Wed
22
May
Edgar's picture

Letters to the Editor

Dear Editor and fellow Texans:

As we enjoy the blessings of family and friends this Memorial Day, let us all take a moment to recollect the reason for this day. Today, we honor the men and women who sacrificed their lives, so that we may enjoy the freedoms we hold so dear.

I ask you to unite with family and friends in a national moment of remembrance at 3:00 p.m. to reflect on the sacrifices made in defense of our values and to remember our servicemembers lost in service to our nation.

For over 150 years, Memorial Day has been a national holiday honoring those who died in service to our nation. Let us remember our history and see our present, so that the thousands of Americans who have served and lost their lives to war, from days past to present, will not be forgotten.

 

 

Wed
22
May
Edgar's picture

The Four Chaplains

It was the evening of February 2, 1943, and the U.S.A.T. Dorchester was crowded to capacity, carrying 902 service men, merchant seamen and civilian workers. Once a luxury coastal liner, the 5,649-ton vessel had been converted into an Army transport ship. The Dorchester, one of three ships in the SG-19 convoy, was moving steadily across the icy waters from Newfoundland toward an American base in Greenland. SG-19 was escorted by Coast Guard Cutters Tampa, Escanaba and Comanche.

Hans J. Danielsen, the ship's captain, was concerned and cautious. Earlier the Tampa had detected a submarine with its sonar. Danielsen knew he was in dangerous waters even before he got the alarming information. German U-boats were constantly prowling these vital sea lanes, and several ships had already been blasted and sunk.

 

 

Wed
15
May
Edgar's picture

The Richland Springs Report

It’s STAAR week for all students in Texas, and for all teachers. Teachers will be tied to the scores of their students. I believe that teachers should teach to the best of their abilities and push their students to do the best they possibly can, but when you have a multitude of children who panic for the tests or don’t have the ability to make abstract answers; you have handicapped the child and the teacher.

I was hoping the old nursery rhyme, “leave them alone and they will come home, dragging their tails behind them,” would come true about my chickens. Not so, Fuzzy pretended to get along with my chickens, but the sneaky little brat was just waiting for his moment. On this rainy wet weekend, he brought one back to me, but it was in pieces. I am hoping he will choke on a chicken bone.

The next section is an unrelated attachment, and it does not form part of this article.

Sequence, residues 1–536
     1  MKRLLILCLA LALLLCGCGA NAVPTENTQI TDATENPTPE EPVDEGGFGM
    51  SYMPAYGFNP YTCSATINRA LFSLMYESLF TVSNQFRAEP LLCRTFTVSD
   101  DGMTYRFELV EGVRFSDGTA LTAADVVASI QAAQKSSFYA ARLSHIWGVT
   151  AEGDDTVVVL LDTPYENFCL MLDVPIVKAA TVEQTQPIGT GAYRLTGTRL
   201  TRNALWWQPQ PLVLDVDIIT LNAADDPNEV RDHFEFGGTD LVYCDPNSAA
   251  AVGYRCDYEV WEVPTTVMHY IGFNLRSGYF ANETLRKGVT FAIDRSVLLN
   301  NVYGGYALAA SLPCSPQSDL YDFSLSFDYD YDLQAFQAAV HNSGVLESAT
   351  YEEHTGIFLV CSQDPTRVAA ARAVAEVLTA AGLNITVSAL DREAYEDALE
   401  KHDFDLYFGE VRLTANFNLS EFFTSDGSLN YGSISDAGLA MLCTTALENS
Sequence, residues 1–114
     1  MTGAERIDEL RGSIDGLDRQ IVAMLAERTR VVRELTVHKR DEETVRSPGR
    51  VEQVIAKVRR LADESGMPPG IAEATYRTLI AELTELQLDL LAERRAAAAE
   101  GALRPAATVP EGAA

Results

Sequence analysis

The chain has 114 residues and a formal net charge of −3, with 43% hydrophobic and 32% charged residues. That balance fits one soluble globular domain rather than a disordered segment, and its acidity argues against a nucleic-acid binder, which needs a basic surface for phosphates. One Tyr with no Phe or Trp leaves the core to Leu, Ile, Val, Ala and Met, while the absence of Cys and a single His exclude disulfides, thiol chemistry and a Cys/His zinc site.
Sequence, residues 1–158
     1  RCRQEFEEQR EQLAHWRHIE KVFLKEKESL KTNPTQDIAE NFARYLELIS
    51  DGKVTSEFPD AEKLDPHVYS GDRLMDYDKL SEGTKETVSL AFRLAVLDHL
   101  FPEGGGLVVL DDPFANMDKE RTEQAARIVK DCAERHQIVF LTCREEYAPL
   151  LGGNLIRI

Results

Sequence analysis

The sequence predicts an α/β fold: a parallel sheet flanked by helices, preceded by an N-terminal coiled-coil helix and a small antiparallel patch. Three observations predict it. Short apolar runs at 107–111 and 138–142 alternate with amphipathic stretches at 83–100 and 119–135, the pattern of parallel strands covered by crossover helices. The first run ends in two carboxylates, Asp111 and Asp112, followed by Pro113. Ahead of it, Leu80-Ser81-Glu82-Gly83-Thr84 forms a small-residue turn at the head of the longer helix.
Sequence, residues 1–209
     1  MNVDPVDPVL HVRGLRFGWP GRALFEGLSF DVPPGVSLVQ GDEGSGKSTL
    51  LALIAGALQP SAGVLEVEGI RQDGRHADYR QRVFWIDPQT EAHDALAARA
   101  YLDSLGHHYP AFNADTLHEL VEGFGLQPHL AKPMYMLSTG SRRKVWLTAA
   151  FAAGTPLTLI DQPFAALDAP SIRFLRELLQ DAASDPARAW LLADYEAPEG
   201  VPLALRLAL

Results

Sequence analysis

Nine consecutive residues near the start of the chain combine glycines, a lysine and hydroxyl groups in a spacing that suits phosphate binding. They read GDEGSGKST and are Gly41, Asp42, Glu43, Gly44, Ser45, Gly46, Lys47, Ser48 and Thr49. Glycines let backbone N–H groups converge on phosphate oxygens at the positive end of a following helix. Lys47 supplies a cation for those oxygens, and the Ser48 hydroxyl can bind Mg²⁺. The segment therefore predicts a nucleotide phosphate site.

I realize it was my fault thinking because he was doing so well with those chickens that he would be safe if I was gone. I was wrong, and now I have no chickens.

 

Wed
15
May
Edgar's picture

Notes from the Spring Creek Arts Guild

By Cathy Ledbetter

I grew up as an “Air Force Brat.” I was born in an Air Force hospital and lived on or near Air Force bases my entire childhood. My dad retired from theAir Force within a day of me graduating from high school. Like most military families, we moved around a bit, although not as frequently and as far-flung as some. Even though we were mostly stationed in the Southeast, we never lived near either side of my extended family.

Last week I went on a road trip with my parents—just like way back in the old days, except my little brother was not along for this trip. My dad drove, just like he almost always did, but this time I sat in the front seat as the navigator—a job my mother always had. We drove to Tennessee to visit my dad’s side of the family and to visit his old stomping grounds.

Wed
08
May
Edgar's picture

The Idle American

It All Started at the Rodeo…

We’ve heard about the chances of being hit by lightning, winning the lottery or scoring a hole-in-one on the golf course, but nothing about the probability of two distinguished educators meeting up at a rodeo.

Dr. Ronny Collins, former school superintendent at Wellington, Jacksboro, Snyder and Mineral Wells, was a rodeo clown to help finance his college education, and his wife, Terri, a career fifth grade teacher, rode bulls.

Their first “hello” was in a dusty rodeo arena….